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Rob Seaver (He/him)
Rob Seaver (He/him)

Posted on

Moving to CI/CD

Last week I authored a quick post about moving my team towards CI/CD. I was looking for some feedback from folks, but I think as a neophyte to this community, I should have posted it with a "#help" tag to indicate more clearly that I was soliciting feedback.

To sum up, I'm getting some resistance in moving to CI/CD, and I was looking for feedback any of you who have made the transition. If you've faced resistance from your teammates, how did you help them get to a place where they felt more comfortable? For some more context, here's the original post: https://dev.to/rbseaver/continuous-integration-and-code-reviews-13bc

Thanks in advance for any advice!

Top comments (4)

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evanoman profile image
Evan Oman • Edited on

We recently introduced CI/CD on one of our projects and fortunately didn't meet much resistance. In our case the benefits to the devs were very clear: we were able to build, test, and deploy a C++ app across multiple architectures and platforms in parallel automatically on each push. We even measured the time savings and everyone was able to see the clear benefits.

In your case I would try to make the benefits clear (e.g. measure the time savings of implementing CI/CD) and then work to address colleague concerns with some sort of compromise. Some possible solutions for the specific concern you mentioned include:

  • Commits which introduce small breaking changes could be pushed with CI-skip flag
  • Set a policy of only pushing working versions of the code and set CI to only build the HEAD of the pushed state
  • Use feature flags to disable new features until they are ready
  • Only run CI on merge requests which represent a completed feature

Admit that CI/CD is not cost free but work with your colleagues to come up with a workflow which provides a net gain.

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rbseaver profile image
Rob Seaver (He/him)

Thanks, Evan, those are all great pieces of advice, and the CI-skip is actually new to me! We currently have a rudimentary feature toggle in place that keeps things turned off, per environment, until they're ready for prime time. Eventually, I think something like LaunchDarkly would be a useful next step. I'm going to run a couple of these by my teammate who has raised the concerns. He's our resident Git expert as it is and has a lot of interest in automation/DevOps, so I think he could really help us come up with something that works well for us. I appreciate the tips; I'm going to email them to my work address now and start digging in a bit more in the morning. Now, it's time to go forth and stop thinking about work :)

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dmfay profile image
Dian Fay

His concern is that when we introduce many small commits over time, it becomes difficult to review the feature in its entirety to make sure the code is consistent and works with all of the previous pieces of code that were introduced. My position is that automated testing directly addresses his concern. It will become apparent pretty quickly if new code is incompatible with previous code, based on the automated test results.

Your colleague is correct to be concerned about this, and you're talking past him. Automated testing helps you catch unintended consequences of changes. He is worried that breaking up a complex change into multiple commits to meet an arbitrary length limit, especially if those commits are integrated and released individually, will make it more difficult to ensure that the change itself has been implemented correctly and completely -- which it absolutely will. When you say "automated tests will save us!" he smells bullshit, and, to be blunt, he's right.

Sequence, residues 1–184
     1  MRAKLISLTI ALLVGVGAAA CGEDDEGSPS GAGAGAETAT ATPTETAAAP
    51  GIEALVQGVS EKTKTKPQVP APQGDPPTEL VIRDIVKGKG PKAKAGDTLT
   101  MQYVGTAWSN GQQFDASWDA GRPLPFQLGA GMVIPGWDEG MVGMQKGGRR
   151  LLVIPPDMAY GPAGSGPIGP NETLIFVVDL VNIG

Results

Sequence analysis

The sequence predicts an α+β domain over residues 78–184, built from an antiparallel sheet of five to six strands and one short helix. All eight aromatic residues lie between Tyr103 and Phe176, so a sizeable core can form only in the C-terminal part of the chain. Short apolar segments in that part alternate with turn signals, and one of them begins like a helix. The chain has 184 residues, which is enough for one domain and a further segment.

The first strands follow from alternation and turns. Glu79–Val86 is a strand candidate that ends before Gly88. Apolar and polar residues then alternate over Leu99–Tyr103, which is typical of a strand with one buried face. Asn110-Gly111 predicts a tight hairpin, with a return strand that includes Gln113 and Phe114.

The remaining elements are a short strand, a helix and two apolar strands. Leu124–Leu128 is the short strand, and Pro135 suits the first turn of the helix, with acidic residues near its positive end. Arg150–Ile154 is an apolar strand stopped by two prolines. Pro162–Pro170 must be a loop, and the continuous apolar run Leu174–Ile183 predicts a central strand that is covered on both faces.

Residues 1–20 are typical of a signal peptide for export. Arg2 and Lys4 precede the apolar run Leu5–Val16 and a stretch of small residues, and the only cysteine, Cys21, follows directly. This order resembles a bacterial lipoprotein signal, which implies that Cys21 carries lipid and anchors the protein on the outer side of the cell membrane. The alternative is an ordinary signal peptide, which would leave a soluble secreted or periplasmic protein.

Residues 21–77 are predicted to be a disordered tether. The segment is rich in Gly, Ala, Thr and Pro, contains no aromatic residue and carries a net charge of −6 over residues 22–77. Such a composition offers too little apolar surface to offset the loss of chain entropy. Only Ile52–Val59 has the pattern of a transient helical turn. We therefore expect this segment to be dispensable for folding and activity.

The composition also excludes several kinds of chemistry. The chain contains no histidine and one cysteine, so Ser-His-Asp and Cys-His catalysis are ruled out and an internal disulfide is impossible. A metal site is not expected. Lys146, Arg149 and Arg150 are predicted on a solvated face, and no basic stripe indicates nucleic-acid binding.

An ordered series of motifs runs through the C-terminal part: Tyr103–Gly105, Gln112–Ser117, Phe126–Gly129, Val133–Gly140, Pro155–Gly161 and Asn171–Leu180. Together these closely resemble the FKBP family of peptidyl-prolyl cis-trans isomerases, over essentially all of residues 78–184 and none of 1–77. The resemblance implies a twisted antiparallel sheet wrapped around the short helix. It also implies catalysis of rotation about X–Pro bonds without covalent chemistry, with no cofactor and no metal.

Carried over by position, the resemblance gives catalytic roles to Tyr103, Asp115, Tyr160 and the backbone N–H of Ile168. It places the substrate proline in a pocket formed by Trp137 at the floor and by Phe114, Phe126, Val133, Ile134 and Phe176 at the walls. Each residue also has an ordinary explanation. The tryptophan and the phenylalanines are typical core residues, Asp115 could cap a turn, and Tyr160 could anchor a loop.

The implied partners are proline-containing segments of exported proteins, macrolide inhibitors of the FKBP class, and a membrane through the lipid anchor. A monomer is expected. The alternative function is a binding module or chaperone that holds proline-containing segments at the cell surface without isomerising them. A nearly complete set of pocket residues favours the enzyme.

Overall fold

Bite-sized commits are much easier for a reviewer to digest, and allow the reviewer to focus on style, readability, etc..., instead of whether the code wors properly.

Keeping commits small is a worthy goal, but not always a reasonably attainable one. A better criterion: one commit = one change, whatever the length of the diff. Rebasing and squashing make managing this as easy as rebasing and squashing ever are.

You will at some point, despite the absolute best of intentions, have to land a very large, complex change. It's going to be a pain to review. Your workflow needs to be able to accommodate it. And if you're going to sell your team on CI/CD being part of that workflow, there needs to be less busywork for them with CI/CD than without.

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rbseaver profile image
Rob Seaver (He/him)

First, let me correct any impressions that I'm going to force this change on my team without taking into account any of their concerns. We had a long discussion about this and I absolutely said his concerns are valid and I that would do some research into how we can find some kind of middle ground that would work for us all. I actually make it a point to listen to and empathize with my teammates, because every concern they have, everything they are feeling as a developer, I've also been there.

I've also never been one to say that automated tests are some kind of magic bullet, and am still a vocal proponent of having a QA person on-hand to test for correct application behavior or regressions.

I can see how in my original post, I may have come across as some authoritarian who imposes policies as I please without considering the concerns of others. That's not the case, but I regret that it may have come across that way in my attempt to be concise.

Having said all that, the feedback is appreciated.

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